"This is your chance, man. What happened to 'I'll get you, Kirk, even if I have crawl over fire-hot coals from Hell to do it'?"

Jon looks sheepishly at Pike. "I... might've said that."

Somehow Chris is not shocked. "Do I want to know why?"

"Let's just say there's a good reason I'm so obsessed with checking my uniform before I put it on." Jonathan shudders.

Chris turns to his son, eyebrows raised. "What did I tell you about tormenting law enforcement?"

Jim scoots closer to McCoy. "It wasn't my fault."

"We're going to have a long talk when this is over, Jim. A very long talk."

For some reason, Jim turns to his boyfriend.

Leonard rolls his eyes. "Don't look at me, doll face. I'm not the one with the disreputable past."

Jon leaps from his chair with a shout of triumph and does a fist pump. He points emphatically at McCoy then says gleefully to Pike, "See???"

Chris warns him, "I'll still punch you." To the confused Spock, Kirk, and McCoy, he signals that they should ignore Jonathan's childish antics and carry on.

Jon drops back into the recliner with a gusty sigh. "So we're good? I can't believe this is all it was, Kirk. Though admittedly, I am passing up a golden opportunity here. Who knows, maybe this very conversation is part of my master plan."

Chris covers his face with his hands. "Oh my god. Jon."

Jim asks his father, "Why are you dating this douche bag?"

"Good question, son. I might have to reconsider that."

Jim's entire countenance brightens. "Really?"

Chris winces. "Honestly? No. I like him. Well, sometimes."

Leonard drapes an arm across Jim's shoulders. "Sorry, kid. Not everybody has good taste."

"Yeah," Jim gripes, "but I thought at least my dad would. Archer—man, that's just wrong."

Jon tilts his head up to observe the ceiling.

"Just so we're clear, I still don't trust you," Jim tells the grinning sheriff.

"Not shit, Sherlock. I don't trust you either, but we both trust Pike. I guess that has to be enough."

Jim doesn't respond but that's probably because he can't imagine agreeing with Archer.

"Are we done here?" Chris asks, daring to believe it might so.

Leonard begins to moan, "God, we'd better be, or—" only to be interrupted.

"I have a question."

Everyone turns to look at Spock.

"I find this exchange remarkably fascinating," Spock states, tilting his head slightly. "May I ask: are all of you homosexual?"

Leonard puts a hand to his face and grumbles something under his breath, but overall no one in the room seems particularly upset by the question.

Jim answers with a wave of his hand, indicating first himself then Leonard. "I'm bisexual. Bones might be but he's never been with a girl."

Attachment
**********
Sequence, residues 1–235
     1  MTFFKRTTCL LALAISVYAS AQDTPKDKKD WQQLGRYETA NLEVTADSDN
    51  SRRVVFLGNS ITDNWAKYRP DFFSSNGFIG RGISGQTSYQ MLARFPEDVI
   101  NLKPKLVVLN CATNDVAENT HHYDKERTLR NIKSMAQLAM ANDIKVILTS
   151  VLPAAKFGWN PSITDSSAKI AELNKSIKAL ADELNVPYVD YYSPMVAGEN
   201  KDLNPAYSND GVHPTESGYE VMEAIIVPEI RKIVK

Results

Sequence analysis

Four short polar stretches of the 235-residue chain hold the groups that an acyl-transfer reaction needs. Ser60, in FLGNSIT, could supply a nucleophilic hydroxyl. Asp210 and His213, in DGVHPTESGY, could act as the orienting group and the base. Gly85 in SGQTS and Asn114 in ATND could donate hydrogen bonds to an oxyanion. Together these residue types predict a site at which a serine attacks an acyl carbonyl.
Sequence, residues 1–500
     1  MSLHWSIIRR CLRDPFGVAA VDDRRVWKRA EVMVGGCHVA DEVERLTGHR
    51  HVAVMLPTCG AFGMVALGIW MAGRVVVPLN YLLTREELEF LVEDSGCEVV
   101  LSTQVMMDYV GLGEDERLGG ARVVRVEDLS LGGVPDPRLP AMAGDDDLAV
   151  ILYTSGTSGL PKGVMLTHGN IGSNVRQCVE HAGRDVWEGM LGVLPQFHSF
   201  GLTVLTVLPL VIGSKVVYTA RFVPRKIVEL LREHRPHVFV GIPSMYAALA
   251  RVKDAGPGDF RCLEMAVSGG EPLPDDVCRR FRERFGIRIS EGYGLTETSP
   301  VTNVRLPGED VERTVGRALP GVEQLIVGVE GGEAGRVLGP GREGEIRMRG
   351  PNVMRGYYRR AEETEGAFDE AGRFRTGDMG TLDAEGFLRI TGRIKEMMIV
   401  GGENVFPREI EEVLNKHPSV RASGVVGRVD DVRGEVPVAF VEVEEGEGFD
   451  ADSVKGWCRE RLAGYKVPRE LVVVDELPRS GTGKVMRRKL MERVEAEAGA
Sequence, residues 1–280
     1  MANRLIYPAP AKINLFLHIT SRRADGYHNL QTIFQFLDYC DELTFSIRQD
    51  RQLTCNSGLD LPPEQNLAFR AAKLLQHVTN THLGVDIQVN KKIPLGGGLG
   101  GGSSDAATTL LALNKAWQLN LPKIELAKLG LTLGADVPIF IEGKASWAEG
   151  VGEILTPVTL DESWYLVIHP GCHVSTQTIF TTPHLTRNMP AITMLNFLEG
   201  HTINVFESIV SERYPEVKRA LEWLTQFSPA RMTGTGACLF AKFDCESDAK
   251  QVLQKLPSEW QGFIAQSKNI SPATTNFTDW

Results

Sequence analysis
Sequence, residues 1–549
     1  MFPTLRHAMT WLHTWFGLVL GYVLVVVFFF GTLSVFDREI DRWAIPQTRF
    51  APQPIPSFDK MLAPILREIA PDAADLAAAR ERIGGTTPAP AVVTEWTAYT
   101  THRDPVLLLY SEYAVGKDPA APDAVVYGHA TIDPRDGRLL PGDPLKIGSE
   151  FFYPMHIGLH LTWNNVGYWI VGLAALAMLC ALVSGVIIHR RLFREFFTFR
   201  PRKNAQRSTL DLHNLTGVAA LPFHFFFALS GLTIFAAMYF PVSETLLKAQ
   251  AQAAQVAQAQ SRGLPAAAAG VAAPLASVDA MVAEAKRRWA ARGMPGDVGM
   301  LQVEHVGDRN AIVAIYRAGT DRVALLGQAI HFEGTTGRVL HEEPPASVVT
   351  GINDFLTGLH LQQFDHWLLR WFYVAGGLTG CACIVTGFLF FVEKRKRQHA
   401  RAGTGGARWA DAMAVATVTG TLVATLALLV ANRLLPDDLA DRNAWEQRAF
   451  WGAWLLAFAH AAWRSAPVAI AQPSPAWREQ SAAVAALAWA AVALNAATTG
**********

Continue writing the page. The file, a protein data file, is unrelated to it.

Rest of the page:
"TMI! Goddamn it, Jim!" Leonard cries, flustered.

"My dad is bi, I think," Jim finishes.

Chris imagines his blush is as noticeable as Leonard's.

Tone lazy, Jim points at Archer in the recliner. "He's just desperate, though."

Jon bares his teeth at Kirk before giving Spock a long look. "Why do you ask? Does it bother you to be in a room full of fags?"

Chris chokes on his own spit.

A line of confusion appears between Jon's eyebrows as his expression turns thoughtful. "Or is it queers? What are we getting called these days? I don't keep up." The man shrugs. "Truth be told, if I meet a narrow-minded dickbag in my county, I have a tendency to shoot first, ask questions later."

Chris grimaces. "Jon, you can't shoot someone for being homophobic."

"Why not?"

Jim and Jon blink, startled by the chorus of their voices, and for once contemplate each other with something besides dislike.

"Violence is not the answer," Pike tells both of them firmly.

"Seconded," Leonard echoes. "Especially because that kind of stupidity means the dickbag ends up on an operating table, or worse yet dead."

"Uh-oh," Jim says, sinking into his place on the couch. "Here we go."

Leonard's tone intensifies as he glares down at the top of his boyfriend's head. "If people were more civilized, doctors wouldn't have to waste precious time and resources on treating fools who don't know better than settling their prejudices with bullets. Isn't it bad enough that the human body can be a man's own worst enemy?"

"Bones, weapons are for defense, not just offense."

"Well, what's the point if nobody pays attention to the difference these days? You shoot me, I shoot you back. If you want my opinion, we humans are as barbaric as the day we stepped out of caves!"

"That is a commendable sentiment, Leonard."

"See?" Leonard says, poking at Jim's shoulder. "Even Spock agrees with me!"

Jim gives Spock his best hurt expression, which doesn't seem to affect the man in the least. Chris is beginning to recognize how Spock, like Leonard, might be a good influence on his son.

He clears his throat, hoping to steer the conversation back on topic. "I am sorry for the obfuscation, Mr. Spock."

"I understand, Detective, and rest assured I am not offended. This matter is private, of course—" Spock pauses only momentarily, his gaze touching upon McCoy for some odd reason. "—intended for family only. I give you my word I will not discuss what I have learned here with others."

Jim beams at Spock, his eyes warm. "I told you he could be trusted, Bones."

Leonard's eyes drop to his hands as he mutters, "Whatever."

Chris is immensely relieved. "Your discretion is appreciated," he thanks Jim's friend.

Spock nods ever-so-slightly. "I offer my appreciation in return. It is not often I find myself in a position wherein I am so readily trusted."

Leonard's head comes up, and his expression is stormy, as if that comment had been meant as a personal jab at him. "People aren't comfortable telling you anything, Spock, because you're so damned insensitive!"

"Bones," Jim says, sitting up from his slouch with a frown.

"I'm just calling like it is! Just like I called it back at Christmas… but you didn't want to listen to me then either, did you?" Leonard's agitation seems to intensify with every passing second.